How could I resist a poetry collection titled Lauren Bacall Shares a Limousine? Even the table of contents is a joy to read. Included are:
* “Pantoum for Mata Hari”
* “Lady Godiva Reminisces”
* “Before Her Round-the-World Flight Amelia Visits With a Psychic”
* “Fay Wray Tweets atop the Empire State Building”
* “Georgia O’Keefe Hitches a Ride to Abiquiu”
* “Emily Dickinson Introduces Her Blog”
The writer, Susan J. Erickson, is also a collage artist, and she assembled these poems with a keen eye for texture and unexpected juxtapositions. Tweets, blogs, recipes, and diary entries stand alongside tanka poems and sonnets narrated by a chorus of women’s voices.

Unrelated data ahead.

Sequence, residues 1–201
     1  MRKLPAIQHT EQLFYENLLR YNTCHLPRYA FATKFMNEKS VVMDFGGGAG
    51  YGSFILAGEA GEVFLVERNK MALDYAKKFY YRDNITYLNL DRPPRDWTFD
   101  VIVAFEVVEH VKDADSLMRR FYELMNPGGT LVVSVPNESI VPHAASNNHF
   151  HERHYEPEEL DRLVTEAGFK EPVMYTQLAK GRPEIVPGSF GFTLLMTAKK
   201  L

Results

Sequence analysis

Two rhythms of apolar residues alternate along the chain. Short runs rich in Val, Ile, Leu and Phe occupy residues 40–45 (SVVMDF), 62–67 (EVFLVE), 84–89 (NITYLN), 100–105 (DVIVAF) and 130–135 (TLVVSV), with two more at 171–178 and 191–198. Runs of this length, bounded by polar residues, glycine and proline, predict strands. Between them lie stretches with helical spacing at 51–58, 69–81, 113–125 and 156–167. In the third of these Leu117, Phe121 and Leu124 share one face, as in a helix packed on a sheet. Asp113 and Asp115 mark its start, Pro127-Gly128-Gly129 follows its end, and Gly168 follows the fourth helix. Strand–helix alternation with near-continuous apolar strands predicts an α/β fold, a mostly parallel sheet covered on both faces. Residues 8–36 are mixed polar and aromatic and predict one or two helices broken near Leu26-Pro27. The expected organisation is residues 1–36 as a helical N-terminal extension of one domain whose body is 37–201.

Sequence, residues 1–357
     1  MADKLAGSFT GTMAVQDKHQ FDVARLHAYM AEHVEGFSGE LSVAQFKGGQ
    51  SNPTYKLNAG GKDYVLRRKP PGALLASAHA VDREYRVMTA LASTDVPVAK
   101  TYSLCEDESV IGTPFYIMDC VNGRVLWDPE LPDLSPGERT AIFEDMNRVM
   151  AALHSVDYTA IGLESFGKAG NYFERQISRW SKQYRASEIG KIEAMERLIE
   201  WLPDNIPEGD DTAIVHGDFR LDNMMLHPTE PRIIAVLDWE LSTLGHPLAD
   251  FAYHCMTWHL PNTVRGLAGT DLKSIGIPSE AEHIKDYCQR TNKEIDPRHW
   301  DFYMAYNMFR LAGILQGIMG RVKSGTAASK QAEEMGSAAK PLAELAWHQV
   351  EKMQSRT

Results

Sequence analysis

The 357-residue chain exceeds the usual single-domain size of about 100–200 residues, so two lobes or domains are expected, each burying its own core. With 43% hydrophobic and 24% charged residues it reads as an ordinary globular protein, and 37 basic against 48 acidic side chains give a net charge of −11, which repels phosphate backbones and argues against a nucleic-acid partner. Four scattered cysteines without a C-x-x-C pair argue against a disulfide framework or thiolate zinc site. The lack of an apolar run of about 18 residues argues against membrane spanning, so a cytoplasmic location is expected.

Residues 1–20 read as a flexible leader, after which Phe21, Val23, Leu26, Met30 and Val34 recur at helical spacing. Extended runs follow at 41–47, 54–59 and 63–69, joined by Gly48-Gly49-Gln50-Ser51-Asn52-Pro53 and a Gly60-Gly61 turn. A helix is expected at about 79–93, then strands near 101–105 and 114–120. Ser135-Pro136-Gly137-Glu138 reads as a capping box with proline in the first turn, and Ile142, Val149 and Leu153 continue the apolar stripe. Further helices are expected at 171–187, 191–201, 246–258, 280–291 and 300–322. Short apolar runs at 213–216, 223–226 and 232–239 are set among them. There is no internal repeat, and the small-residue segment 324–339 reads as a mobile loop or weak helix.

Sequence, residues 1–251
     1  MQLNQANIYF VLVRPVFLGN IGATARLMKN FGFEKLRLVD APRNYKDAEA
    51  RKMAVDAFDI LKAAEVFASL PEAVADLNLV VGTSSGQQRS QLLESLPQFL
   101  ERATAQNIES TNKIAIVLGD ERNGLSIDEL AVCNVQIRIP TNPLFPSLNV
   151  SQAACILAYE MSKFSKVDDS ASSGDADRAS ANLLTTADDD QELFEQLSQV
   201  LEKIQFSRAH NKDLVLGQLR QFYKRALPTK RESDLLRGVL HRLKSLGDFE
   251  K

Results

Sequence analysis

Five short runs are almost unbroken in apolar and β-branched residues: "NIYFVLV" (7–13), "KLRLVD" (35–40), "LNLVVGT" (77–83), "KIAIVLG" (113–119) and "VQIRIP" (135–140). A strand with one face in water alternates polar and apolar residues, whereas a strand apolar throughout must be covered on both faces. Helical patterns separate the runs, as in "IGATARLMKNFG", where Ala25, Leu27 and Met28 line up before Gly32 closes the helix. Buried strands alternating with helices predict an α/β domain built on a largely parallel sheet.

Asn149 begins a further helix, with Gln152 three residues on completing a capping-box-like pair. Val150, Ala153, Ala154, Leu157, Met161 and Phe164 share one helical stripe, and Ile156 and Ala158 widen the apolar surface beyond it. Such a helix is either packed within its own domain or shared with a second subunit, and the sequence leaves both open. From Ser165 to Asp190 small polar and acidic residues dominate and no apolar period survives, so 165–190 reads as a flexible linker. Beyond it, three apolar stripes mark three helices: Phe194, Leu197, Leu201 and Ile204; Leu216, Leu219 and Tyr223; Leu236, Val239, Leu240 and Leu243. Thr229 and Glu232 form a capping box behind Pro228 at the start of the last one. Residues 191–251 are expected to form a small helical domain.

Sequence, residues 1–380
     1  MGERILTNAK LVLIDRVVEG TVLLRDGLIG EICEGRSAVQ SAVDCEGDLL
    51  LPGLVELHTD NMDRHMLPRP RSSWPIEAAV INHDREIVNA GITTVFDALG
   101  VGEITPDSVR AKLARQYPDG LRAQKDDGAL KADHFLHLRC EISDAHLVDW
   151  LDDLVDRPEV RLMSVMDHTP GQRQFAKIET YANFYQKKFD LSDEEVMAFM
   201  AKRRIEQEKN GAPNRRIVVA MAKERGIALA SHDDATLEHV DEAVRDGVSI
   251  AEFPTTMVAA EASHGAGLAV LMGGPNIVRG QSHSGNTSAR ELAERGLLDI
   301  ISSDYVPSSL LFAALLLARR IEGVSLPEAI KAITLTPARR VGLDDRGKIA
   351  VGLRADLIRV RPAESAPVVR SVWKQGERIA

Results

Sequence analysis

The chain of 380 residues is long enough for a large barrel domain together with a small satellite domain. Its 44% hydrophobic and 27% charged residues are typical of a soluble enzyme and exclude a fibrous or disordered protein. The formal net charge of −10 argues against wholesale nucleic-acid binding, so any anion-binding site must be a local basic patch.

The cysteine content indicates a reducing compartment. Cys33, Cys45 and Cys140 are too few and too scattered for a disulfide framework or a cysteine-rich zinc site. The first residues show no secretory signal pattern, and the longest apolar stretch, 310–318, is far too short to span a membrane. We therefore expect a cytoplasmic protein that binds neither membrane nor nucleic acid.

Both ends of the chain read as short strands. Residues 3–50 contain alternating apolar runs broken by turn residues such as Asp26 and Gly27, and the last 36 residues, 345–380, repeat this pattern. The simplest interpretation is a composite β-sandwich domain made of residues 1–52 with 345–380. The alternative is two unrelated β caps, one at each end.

Edna St. Vincent Millay says, “Never speak in that sick voice / monotonous as a rocking chair.” Frank Lloyd Wright’s lover, Mamah Borthwick Cheney, explains, “I do not want my children / to see through the dirty windows / of my words.” Elizabeth Barrett Tweets, “Didn’t @WillShakespeare call brevity the soul // of wit?” In the title poem, Lauren Bacall describes a ride to the afterlife in a limousine she shares with Robin Williams: “We lean a bit. Our shoulders touch.”
Moving from lighthearted to poignant, the speakers spill out startling details from their lives. I’m cheering all the way.